Those are the three key plots -- Karen mourning Sid, Laura wrestling with her marriage to Richard, and Abby coming between Gary and Val -- and by season's end, they've all been spectacularly successful. Getting there, though, has been agony at times. Ann and Ellis Marcus were brought on as headwriters in Season 3 -- they were among the best in the business (she had been headwriter of the Emmy-winning Mary Hartman, Mary Hartman in the 1970's). Because of the Marcus's background in daytime soaps, they get -- as the writers didn't in Season 2 -- that on shows like this, the pacing doesn't need to be furious. The waiting is part of the fun: the simmering tensions, the delayed gratification. Season 3 has all that, but parts of it also feel cautious and confused. The Marcuses clearly have no idea how far they can take the show in terms of making it a full-fledged soap; you see them careful not to repeat the mistakes of Season 2 -- but that carefulness is also a bit of a pain. Ann Marcus is renowned as one of the great plotters of the soap world (it's why when your show is a shambles, as Knots was in Season 2, and again in Season 13, you bring her in to save it, because she'll turn dross into gold), but strangely, the first half of Season 3 doesn't feel much like an Ann Marcus soap at all. Every time a good plotline gets going, and you tune in the following week, awaiting a follow-up, it's nowhere in sight. Sometimes promising plotlines disappear for three or four episodes at a time; the Marcuses try to keep the show from getting too serialized too fast, so that casual viewers can still tune in. (The show was, after all, still building its audience.)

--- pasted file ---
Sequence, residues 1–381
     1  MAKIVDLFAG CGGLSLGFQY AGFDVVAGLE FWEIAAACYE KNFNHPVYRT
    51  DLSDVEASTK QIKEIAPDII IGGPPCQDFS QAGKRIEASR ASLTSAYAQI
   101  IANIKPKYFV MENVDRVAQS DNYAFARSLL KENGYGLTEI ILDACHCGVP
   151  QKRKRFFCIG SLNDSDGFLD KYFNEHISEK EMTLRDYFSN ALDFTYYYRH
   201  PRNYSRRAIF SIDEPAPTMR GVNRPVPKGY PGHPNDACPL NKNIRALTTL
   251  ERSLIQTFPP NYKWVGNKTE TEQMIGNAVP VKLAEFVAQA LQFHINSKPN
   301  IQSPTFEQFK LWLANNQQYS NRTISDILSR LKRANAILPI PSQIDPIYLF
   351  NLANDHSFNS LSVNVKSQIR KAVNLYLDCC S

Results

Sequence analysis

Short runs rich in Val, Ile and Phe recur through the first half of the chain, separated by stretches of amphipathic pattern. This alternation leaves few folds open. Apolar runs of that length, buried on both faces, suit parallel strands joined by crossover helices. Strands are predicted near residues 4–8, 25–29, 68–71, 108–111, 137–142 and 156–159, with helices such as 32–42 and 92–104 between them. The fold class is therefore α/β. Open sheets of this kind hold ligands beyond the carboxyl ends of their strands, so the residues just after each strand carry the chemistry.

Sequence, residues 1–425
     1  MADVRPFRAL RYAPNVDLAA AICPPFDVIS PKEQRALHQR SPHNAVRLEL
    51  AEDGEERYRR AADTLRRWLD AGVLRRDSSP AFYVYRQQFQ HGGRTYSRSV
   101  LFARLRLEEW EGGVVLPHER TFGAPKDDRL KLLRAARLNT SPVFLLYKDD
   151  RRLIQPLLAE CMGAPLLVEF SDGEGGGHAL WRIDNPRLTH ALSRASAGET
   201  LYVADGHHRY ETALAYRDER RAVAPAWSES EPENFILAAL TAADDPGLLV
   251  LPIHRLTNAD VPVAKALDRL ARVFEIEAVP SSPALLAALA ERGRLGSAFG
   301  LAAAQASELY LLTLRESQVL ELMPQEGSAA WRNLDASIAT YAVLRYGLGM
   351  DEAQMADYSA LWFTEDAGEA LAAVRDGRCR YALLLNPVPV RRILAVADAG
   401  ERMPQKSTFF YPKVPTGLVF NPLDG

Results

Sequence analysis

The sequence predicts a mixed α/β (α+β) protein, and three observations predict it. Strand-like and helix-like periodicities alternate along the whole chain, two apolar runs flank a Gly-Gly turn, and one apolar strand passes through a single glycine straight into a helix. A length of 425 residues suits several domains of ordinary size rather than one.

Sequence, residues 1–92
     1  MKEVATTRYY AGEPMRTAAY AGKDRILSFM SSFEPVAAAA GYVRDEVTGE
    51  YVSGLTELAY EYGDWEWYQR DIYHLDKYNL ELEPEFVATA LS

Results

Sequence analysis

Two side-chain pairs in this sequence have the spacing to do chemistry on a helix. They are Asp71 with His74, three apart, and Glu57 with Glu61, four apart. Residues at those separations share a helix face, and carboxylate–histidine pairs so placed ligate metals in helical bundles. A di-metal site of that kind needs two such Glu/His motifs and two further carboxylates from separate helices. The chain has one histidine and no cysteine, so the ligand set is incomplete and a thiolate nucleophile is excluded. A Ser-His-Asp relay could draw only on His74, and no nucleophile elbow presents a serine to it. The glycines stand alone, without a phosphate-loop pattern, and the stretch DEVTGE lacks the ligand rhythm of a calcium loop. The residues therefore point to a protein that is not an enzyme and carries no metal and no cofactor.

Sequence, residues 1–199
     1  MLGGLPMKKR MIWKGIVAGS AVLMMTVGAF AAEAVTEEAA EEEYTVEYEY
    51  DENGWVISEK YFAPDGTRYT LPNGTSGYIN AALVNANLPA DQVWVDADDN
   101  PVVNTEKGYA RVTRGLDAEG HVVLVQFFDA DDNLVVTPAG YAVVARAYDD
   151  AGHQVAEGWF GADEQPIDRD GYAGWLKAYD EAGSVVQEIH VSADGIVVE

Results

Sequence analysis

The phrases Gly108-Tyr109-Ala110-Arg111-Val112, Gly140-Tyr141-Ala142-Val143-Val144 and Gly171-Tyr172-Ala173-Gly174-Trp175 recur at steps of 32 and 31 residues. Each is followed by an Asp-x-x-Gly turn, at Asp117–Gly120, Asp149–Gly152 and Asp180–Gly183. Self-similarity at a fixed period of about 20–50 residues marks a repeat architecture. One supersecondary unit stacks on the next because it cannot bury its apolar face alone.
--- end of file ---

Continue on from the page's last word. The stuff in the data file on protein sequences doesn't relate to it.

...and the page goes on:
Ann Marcus reveals in her autobiography that in order to get the show back on its feet, after a disastrous Season 2 that made the characters seem either dense or deplorable, they approached the first half of the season as "more an anthology than a soap," focusing in on one or two characters at a time, working to restore the qualities that had made them seem so promising in Season 1. It does wonders for the characters, but makes the first half of Season 3, from a plotting perspective, seem aimless. Once you accept the idiosyncrasies of the story-telling, though, the episodes themselves are rarely less than engaging. (They range from a touching Christmas tale to a haunting ghost story to a splendid showcase for famed film actor Lew Ayres, then a sprightly 73.) And throughout we get glimpses of Karen adjusting to life without Sid: often she's focal; sometimes she's only captured in subplots, or in scattered scenes -- but whenever the show seems to be drifting, Karen is there to anchor it. Ironically, the departure of Don Murray (who played Sid, and requested off the show) turns out to be a blessing, because it gives the creative team a template for doing slow-burner stories in a fast-paced world; it becomes a vivid reminder -- one that the headwriters will hold to -- that even in a cozy cul-de-sac at the tail end of the sexual revolution, where sometimes it feels that everything can be made better by a quick dip in the hot tub, there's potential for stories of real consequence. The saga of Karen's instant widowhood is an unqualified triumph. The stages of denial, anger and acceptance are played out without being spelled out; they seem calculated to give both Karen and the audience proper time to grieve, and indeed, by the time Karen is at Sid's grave, months after his death, telling him she's ready to move on, the viewer is finally ready too. (Karen's journey is handled so smoothly that you don't fully realize how effective it's been until it's over.)